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Think You Have Enough Fuel? This Crew Did Too...

During a night training flight, this crew faced every instrument pilot's worst nightmare. Low weather, failed runway lights, and minimum fuel that left them with just one last chance to successfully land from an instrument approach.

Live from the Flight Deck

The Extra Fuel Almost Wasn't Enough

This NASA ASRS report was filed in May of 2017 by a PA-34-220T Turbo Seneca III crew on a training flight...

We had 14 extra gallons of fuel beyond the required 56 gallons for our 30 minute flight, 45 minutes in cruise to our filed alternate, and 45 minutes of IFR reserve. We departed with 70 gallons of fuel in a Seneca and planned for a 28 GPH fuel burn. Conditions at our destination, ZZZ, were about 300 feet and 10 miles visibility. We filed ZZZ1 as an alternate, where visibility was about 5 miles and the ceiling was 600 to 800 feet.

Curimedia / Flickr

Upon arrival, we shot three approaches to ZZZ, but the crosswinds were so strong that we had to go missed each time.

Next, we diverted to our alternate (ZZZ1), where the winds were much more favorable. We attempted to shoot the ILS, but upon reaching minimums we did not see the field and had to go missed. We then flew to a backup alternate, ZZZ2, where we attempted two more approaches. On each approach, the airport lights would not turn on. Since it was night, we had no choice but to go missed since we could not see the runway environment.


Finally, we flew to nearby ZZZ3. After failing to locate the airport on the first ILS approach, we declared minimum fuel with air traffic control. We made a plan that if the 2nd attempt failed, we would ditch the plane in the water. Fortunately, on the second ILS approach we saw the airport right at minimums and landed.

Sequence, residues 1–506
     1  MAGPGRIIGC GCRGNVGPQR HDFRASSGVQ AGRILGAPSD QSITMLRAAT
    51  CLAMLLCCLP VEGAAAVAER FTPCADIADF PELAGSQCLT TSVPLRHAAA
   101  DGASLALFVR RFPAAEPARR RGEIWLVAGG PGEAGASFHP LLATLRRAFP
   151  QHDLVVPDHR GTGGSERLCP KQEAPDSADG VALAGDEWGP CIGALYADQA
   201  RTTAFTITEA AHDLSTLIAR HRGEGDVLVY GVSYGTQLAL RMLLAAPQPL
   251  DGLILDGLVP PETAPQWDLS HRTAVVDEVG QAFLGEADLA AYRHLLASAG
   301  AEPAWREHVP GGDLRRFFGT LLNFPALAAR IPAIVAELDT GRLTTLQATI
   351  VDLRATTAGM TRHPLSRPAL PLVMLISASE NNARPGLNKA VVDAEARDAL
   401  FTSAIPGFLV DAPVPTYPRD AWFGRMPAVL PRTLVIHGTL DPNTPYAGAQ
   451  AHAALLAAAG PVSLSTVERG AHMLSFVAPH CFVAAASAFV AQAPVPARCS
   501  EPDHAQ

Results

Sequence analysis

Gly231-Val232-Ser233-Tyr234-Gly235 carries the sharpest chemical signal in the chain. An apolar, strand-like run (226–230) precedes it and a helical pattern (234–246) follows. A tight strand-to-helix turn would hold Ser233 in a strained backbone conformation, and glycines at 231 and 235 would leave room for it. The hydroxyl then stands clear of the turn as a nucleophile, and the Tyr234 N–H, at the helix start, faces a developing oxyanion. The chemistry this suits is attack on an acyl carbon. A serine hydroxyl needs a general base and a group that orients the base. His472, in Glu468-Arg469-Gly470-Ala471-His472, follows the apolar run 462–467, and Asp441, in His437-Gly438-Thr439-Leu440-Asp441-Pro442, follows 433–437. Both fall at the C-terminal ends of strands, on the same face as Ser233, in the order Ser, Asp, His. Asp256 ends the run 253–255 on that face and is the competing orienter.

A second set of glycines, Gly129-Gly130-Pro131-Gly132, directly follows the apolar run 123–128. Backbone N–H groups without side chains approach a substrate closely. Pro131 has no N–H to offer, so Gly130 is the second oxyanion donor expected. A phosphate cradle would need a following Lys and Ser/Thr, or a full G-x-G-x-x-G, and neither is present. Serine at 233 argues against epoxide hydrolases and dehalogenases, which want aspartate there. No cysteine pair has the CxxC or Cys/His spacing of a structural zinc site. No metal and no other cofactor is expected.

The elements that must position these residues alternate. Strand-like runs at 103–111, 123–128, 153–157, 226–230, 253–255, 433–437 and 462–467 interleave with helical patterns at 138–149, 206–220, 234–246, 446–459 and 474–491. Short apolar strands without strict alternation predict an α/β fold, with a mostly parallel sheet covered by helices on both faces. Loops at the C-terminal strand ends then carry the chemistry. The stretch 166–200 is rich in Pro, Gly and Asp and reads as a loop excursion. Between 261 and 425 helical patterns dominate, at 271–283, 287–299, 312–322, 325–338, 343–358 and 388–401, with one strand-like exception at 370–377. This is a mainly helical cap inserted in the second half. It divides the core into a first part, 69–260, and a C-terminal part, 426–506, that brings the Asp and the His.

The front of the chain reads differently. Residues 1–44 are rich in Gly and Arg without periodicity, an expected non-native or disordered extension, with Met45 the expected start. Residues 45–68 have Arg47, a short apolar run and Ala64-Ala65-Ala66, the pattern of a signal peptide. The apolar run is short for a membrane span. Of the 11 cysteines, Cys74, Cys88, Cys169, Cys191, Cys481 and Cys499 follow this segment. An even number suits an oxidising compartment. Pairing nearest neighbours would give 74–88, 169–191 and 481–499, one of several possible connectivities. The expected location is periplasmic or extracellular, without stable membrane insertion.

Can't Make It To The Ground? Divert Early.

In total, this crew flew 8 approaches. They continually attempted to land during poor conditions at every airport. This scenario might sound unrealistic, but it's a very real and very dangerous situation to be stuck in. And it's not like they started the flight with only reserve fuel. They had a reported 14 gallons above the minimum fuel requirement for their flight!

So, what's the best thing this crew could have done to avoid such a dangerous situation? Divert earlier. They shot three approaches into the first airport with winds that weren't changing and were too challenging to fly in.

They also chose to shoot a second approach into their third airport, even after the lights didn't come on the first time. Diverting earlier would've given them more fuel, more time, and more options.


Of course, this is an extremely complex example. Making the choice when to divert and where to go isn't easy. If you're ever faced with a situation like this, divert as early as possible to an airport that has the best possible conditions.

Keep in mind, too, that you don't need to divert to your filed alternate. Weather, especially low IFR weather, can change rapidly. A good diversion airport when you filed your flight plan might no longer be your best option when you're an hour into your flight. And even if your diversion airport isn't close to your destination, at least you'll be on the ground.

What do you think? What should this crew have done differently? Tell us in the comments below.

Swayne Martin

Swayne is an editor at Boldmethod, certified flight instructor, and commercial pilot for Mokulele Airlines. He holds multi-engine and instrument ratings, and is an aviation student at the University of North Dakota. He's the author of the articles, quizzes and lists you love to read every week. You can reach Swayne at, and follow his flying adventures at

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